Podcast | The state of authoritarianism, at home and abroad

A panel of experts discusses similarities and differences between anti-democratic developments in Russia and the U.S. 

Two men in suits in front of flags

Chinese President Xi Jinping, right, and Russian President Vladimir Putin talk during a meeting in Beijing, China, Friday, Feb. 4, 2022. (Alexei Druzhinin, Sputnik, Kremlin Pool Photo via AP)

There is a lot to be said about authoritarians right now. Most notably, president of Russia Vladimir Putin has been waging a war in Ukraine that is upending the global order while suppressing dissent at home. 

Even before his attempted conquest of Kyiv, though, Putin’s authoritarian rap sheet was plenty long, replete with intercontinental election meddling and persecution of his political opponents. And the Russian leader is only one of a crop of authoritarians throughout the world.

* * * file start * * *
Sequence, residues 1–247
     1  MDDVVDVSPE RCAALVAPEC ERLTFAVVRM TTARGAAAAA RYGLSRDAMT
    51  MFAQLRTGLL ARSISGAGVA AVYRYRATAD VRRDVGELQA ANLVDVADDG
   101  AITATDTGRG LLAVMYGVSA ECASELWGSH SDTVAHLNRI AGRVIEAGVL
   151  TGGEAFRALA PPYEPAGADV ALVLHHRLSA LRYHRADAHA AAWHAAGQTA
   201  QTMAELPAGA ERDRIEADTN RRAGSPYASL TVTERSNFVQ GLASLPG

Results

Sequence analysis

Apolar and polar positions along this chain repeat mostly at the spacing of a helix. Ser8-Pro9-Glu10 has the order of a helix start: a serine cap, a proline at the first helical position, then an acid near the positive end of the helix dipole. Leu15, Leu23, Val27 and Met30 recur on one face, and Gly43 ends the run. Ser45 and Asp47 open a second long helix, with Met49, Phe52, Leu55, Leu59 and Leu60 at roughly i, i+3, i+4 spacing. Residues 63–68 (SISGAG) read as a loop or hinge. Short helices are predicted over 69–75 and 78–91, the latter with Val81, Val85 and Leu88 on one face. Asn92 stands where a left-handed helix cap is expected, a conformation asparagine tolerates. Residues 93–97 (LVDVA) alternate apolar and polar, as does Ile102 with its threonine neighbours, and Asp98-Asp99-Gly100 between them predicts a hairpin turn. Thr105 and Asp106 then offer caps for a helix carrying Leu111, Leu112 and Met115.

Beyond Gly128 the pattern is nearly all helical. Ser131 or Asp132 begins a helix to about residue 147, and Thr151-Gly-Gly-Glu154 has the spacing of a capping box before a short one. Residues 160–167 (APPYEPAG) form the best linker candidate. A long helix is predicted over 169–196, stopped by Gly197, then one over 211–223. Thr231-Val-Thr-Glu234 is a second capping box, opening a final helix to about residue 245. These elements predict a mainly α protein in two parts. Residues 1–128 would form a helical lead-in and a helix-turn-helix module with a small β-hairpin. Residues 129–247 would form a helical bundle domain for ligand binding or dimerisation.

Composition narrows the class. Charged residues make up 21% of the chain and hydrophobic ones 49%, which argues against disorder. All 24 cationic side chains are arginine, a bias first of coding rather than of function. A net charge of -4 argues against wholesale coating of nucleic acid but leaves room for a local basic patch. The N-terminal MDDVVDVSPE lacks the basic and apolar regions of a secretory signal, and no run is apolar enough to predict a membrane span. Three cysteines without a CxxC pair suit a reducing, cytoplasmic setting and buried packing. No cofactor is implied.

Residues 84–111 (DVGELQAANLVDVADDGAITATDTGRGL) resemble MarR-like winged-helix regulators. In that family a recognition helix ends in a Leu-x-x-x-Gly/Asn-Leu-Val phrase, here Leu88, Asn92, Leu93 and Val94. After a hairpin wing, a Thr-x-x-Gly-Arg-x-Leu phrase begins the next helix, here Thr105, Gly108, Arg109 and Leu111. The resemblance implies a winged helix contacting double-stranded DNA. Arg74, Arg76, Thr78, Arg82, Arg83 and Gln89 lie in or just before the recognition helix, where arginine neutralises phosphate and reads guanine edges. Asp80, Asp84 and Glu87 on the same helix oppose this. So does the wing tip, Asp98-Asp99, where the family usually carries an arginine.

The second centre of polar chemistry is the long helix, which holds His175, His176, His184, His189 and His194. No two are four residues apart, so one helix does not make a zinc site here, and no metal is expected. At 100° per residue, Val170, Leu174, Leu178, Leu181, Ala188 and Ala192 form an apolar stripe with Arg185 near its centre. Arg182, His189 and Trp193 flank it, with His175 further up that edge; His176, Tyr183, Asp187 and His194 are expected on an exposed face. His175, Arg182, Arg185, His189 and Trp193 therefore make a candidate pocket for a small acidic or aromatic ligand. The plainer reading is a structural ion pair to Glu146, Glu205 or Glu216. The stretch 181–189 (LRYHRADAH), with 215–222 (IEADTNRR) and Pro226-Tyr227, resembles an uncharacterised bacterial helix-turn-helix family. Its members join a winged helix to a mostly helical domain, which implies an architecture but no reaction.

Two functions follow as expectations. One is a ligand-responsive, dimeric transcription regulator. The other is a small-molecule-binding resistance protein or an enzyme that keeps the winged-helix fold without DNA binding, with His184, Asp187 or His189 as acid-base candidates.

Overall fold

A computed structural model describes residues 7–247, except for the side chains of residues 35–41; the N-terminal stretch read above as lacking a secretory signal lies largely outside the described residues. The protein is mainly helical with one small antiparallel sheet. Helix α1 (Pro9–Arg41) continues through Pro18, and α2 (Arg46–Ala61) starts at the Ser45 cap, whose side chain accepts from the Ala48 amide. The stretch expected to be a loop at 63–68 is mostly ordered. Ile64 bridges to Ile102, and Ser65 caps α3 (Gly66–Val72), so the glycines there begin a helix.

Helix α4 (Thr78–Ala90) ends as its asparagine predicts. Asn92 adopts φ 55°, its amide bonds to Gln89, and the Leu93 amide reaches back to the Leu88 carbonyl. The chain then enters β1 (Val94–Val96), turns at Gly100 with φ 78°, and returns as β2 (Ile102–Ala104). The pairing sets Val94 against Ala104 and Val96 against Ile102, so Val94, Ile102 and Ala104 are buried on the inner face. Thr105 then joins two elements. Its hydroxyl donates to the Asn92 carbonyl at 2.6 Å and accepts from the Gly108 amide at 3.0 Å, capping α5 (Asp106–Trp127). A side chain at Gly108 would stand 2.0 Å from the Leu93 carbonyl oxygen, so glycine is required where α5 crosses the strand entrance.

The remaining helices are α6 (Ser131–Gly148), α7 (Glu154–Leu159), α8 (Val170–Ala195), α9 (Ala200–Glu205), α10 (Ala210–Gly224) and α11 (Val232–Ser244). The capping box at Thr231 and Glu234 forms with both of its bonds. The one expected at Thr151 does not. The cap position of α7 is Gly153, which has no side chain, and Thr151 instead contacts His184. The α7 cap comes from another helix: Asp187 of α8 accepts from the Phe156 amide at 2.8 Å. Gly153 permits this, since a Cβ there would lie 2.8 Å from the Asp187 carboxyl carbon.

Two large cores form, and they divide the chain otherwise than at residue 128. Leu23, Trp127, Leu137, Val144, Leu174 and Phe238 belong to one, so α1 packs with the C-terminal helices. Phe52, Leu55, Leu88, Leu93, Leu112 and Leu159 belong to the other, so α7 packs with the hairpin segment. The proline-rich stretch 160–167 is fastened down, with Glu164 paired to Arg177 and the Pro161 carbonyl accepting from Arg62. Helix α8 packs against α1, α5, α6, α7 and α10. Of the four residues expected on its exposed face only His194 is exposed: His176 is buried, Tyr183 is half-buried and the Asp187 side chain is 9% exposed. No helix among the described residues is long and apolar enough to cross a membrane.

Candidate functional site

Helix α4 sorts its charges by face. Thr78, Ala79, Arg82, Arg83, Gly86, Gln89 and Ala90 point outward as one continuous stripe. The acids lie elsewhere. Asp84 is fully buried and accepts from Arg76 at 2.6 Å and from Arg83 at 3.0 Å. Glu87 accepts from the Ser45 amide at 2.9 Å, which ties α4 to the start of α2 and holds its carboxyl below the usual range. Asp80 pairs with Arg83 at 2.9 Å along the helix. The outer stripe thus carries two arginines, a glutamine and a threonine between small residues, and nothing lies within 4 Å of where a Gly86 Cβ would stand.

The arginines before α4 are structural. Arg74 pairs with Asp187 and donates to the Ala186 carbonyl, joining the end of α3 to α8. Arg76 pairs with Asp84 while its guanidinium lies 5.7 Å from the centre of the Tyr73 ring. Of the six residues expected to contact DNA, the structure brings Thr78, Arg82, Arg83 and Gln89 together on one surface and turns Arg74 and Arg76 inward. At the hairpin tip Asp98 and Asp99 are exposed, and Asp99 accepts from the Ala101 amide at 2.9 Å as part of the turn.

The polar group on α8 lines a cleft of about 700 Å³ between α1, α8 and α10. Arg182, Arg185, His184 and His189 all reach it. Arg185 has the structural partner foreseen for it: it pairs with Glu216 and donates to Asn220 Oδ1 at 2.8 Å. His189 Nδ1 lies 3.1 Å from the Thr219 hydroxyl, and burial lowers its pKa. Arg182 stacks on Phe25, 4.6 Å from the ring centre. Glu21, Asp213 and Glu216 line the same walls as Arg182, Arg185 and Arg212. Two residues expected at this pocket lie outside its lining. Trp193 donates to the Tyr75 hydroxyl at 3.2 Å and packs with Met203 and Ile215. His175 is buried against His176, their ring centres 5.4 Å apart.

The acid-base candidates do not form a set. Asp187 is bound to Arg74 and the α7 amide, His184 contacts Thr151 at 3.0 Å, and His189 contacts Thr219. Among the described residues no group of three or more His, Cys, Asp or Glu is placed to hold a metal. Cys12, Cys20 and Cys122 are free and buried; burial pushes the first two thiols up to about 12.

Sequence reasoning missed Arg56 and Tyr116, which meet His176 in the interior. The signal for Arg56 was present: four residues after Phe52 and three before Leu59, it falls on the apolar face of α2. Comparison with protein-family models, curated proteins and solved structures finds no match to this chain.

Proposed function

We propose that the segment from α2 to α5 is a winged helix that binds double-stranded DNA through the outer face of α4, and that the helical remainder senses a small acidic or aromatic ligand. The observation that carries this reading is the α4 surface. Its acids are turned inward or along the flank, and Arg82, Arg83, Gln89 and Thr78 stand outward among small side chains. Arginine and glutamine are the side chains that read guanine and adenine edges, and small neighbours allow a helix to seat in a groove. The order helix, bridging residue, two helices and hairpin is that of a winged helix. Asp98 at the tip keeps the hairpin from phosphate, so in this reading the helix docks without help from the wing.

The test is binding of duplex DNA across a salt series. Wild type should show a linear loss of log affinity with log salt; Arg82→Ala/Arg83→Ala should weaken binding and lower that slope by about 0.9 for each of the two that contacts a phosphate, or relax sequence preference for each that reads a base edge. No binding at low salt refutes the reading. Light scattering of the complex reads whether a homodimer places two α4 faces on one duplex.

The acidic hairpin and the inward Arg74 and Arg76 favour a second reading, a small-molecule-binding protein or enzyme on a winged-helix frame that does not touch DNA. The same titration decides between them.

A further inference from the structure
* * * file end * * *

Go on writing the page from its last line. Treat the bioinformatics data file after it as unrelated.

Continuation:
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And then there is the creeping authoritarianism in the United States, most visible in an anti-democratic insurrection by supporters of now-former President Donald Trump on January 6, 2021. 

For this episode of the Crosscut Talks podcast, journalist David Corn explores these threads with an expert panel including U.S. intelligence expert Rebekah Koffler, professor of history Ruth Ben-Ghiat and professor of government Steven Levitsky, all of whom have written recent books that, in one way or another, track the rise of strongmen and their threats to democracy.

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About the Hosts

Mark Baumgarten

Mark Baumgarten

Mark Baumgarten is the managing editor at Crosscut and KCTS 9.